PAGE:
“The training scale is logical. I always try to go through the training scale, but when riding, you must feel what you must do at every moment. Sometimes you have to go back a little, then maybe two or three steps forward, then back again etc. Riding is not mechanical. You see; It’s the horses saying to me what I need to do. Not me.”

Rodrigo explains how Lusitanos naturally can be presented earlier to collected exercises.

“Some Lusitanos are already, as a 5-year-old ready for 3-4 steps in piaffe, because it is natural for them. I do this just for the horse to ‘feel it’. I never push them. I rather try to understand exactly what to do at every moment. This is my philosophy. Step by step, I give them more and more tasks, and step by step, they give me more and more in return.”

 

“When a horse is balanced & strong, and accepting my aids, I can ask nothing, and he will do everything.”

Rodrigo Moura Torres

Rodrigo puts his head up to demonstrate:

“If you see horses move naturally in freedom, they do so many difficult things. And they always keep their head up. So why should I sit on them and put their head down, destroying their natural balance? To make a horse improve, you need to keep him healthy. And for this, we need to understand the difference between the breeds.”

“We cannot go to full extension with a Lusitano when they are young, as this might ruin them. While a Lusitano might play with piaffe as a 5yo, my warmblood started passage when he was 8. So we must keep attention to their natural balance and ask what they have to offer.”

 

“The rider’s balance will be good if the horse can move in a good balance. You can sit still, and your legs don’t have to push. The horse will move through his back and into your hand.”

Rodrigo Moura Torres

 

He continues:

“Some Lusitanos can ruin their body if they go big before they are strong and on a higher level. To go forward is one thing but to push is another thing. You simply cannot force something they cannot deliver to you. Approximately 95% of the dressage horses today are warmbloods, so the training scale which is good itself – is based mainly on warmbloods. We need to keep that in mind and foster what they are good at. The things they are not so good at will come naturally when they become stronger
and more confident.”

Talking about balance, how would you describe a rider in balance?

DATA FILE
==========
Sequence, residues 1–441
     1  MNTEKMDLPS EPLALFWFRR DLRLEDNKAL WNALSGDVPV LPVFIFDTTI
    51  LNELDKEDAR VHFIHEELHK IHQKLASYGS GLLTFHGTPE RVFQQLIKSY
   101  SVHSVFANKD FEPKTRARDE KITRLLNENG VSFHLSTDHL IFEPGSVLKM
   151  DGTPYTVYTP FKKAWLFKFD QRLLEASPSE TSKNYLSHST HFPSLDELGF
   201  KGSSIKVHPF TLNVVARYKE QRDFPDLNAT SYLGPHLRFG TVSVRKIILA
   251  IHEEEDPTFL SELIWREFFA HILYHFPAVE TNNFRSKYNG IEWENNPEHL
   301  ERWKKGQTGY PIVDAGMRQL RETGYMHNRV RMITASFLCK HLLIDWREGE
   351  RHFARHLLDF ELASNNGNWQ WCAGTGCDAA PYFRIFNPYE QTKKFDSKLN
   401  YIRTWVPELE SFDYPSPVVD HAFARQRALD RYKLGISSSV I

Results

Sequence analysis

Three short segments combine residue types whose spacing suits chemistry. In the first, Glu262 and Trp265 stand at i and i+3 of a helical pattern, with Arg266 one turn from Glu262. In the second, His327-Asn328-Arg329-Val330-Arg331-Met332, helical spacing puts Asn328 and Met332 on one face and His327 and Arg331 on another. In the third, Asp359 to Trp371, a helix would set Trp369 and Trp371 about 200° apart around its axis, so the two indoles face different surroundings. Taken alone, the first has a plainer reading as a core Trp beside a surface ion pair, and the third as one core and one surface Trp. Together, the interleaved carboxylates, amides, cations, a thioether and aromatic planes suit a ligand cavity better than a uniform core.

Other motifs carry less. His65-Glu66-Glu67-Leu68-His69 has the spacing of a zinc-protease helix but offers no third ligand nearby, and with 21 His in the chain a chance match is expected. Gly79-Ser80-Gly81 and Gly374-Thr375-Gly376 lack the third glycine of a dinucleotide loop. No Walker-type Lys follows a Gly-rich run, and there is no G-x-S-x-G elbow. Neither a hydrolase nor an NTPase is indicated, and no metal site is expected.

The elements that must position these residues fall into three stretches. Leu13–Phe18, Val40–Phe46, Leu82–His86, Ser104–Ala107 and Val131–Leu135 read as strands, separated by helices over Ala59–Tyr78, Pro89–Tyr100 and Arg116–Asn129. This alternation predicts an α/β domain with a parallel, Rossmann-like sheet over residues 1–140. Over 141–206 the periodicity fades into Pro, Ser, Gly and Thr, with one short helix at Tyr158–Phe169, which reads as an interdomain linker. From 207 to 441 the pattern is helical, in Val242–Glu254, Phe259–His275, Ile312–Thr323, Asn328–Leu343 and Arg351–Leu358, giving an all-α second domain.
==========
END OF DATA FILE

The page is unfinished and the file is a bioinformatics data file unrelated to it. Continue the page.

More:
“Many trainers say if the horse goes wrong, the rider is not sitting in a good way. I don’t believe this. The rider’s balance will be good if the horse can move in a good balance. You can sit still, and your legs don’t have to push. The horse will move through his back and into your hand.”

 

Maria adds:

“You might notice how Rodrigo is moving a bit up or forward when going into halt or piaffe. One of the judges in Tokyo even commented on this, that he fell a bit forward in the exercise, but it’s actually natural for him. He feels it will help the horse, and that in that moment it will loosens his back and support the balance.”

Rodrigo:

“If I keep the natural balance of the horse and the horse work in harmony, the midpoint is the rider, so I try to keep the center of his balance to where I am sitting. If I sit behind this center, the weight comes too much to the hind legs. The rider needs to be in self-carriage, as I don’t want to destroy the balance of the horse. As an example, the gravity of the pirouette should be where I am sitting.”

“If I keep the natural balance of the horse and the horse work in harmony, the midpoint is the rider, so I try to keep the center of his balance to where I am sitting.”

Rodrigo Moura Torres

 

Despite their achievements in the ring, the duo is not seen often at bigger shows. Rodrigo explains.

“My main goal is to keep Fogoso healthy and happy so we prefer shows close to home, as we don’t want to push him with travelling. Even as a youngster, we opted to only start competing when he turned 7 years old, and we only do 2-3 bigger competitions a year. The remaining time we keep him in his routine at home doing his normal horse life.”

“The way I see it, show jumping is much more about business, which requires more travelling, while dressage, for many, is not so much about that. It’s more about making a name for yourself and delivering unique performances at the right stages. So we dont want to travel to the other side of the world if we dont have to.”

EQUILIFE visited the Olympic debutant at his family farm in Alentejo, Portugal, where Rodrigo began his riding career working the farm cattle and competing in working equitation.

 

We want to thank the Torres family for having us over and Lusitano Horsefinder for collaboration with us to make this trip possible.

 

 

 

Laura Gosch – One to Watch!

Beautiful, Talented & Determined – Laura Gosch

Recently we had the wonderful opportunity to be present at the opening of Goncalo and Nara´s new equestrian facility. It was a busy but beautiful day in so many ways.

Working alongside them is Laura Gosch, a talented and focussed woman who has boldy gone in the direction of her passion for all things equine.